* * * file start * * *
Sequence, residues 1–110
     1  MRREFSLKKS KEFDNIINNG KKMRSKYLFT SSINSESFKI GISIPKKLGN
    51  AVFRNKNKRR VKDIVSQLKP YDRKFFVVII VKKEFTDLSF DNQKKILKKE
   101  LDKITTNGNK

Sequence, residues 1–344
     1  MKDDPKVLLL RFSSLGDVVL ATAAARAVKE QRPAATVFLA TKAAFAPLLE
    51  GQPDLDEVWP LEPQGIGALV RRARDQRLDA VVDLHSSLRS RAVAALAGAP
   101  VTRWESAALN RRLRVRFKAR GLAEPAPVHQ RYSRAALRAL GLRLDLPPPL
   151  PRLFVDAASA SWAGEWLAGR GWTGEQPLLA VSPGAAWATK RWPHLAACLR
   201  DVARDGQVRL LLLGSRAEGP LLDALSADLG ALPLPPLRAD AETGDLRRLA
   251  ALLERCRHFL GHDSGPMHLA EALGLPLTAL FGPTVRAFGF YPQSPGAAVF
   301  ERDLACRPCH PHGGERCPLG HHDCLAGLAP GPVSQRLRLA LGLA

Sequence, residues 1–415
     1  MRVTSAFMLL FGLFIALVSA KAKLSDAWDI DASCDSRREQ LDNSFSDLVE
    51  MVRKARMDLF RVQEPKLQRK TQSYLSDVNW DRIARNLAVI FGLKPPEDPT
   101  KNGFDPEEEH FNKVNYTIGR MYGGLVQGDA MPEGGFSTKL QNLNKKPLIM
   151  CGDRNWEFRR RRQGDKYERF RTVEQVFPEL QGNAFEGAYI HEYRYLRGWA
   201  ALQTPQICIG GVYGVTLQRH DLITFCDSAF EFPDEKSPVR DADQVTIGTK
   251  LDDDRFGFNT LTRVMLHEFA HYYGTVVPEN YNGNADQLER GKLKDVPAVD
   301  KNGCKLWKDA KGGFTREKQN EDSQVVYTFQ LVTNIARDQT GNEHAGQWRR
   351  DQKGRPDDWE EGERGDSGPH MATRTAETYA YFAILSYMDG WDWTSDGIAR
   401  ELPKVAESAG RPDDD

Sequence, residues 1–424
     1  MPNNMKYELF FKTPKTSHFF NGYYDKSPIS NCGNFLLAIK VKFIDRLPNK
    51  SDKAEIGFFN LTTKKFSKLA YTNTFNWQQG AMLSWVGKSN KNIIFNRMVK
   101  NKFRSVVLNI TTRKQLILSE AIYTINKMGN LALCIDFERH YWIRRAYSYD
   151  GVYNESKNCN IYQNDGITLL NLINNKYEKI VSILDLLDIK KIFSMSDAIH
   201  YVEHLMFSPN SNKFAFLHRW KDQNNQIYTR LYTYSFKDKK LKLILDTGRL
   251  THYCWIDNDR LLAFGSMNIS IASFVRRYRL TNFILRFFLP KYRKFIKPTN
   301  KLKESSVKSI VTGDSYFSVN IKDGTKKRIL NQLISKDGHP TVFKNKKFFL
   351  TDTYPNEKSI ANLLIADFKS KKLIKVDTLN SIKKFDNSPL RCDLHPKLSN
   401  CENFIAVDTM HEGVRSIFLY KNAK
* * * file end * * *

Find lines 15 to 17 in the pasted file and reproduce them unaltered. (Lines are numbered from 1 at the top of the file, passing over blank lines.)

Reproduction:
    51  MVRKARMDLF RVQEPKLQRK TQSYLSDVNW DRIARNLAVI FGLKPPEDPT
   101  KNGFDPEEEH FNKVNYTIGR MYGGLVQGDA MPEGGFSTKL QNLNKKPLIM
   151  CGDRNWEFRR RRQGDKYERF RTVEQVFPEL QGNAFEGAYI HEYRYLRGWA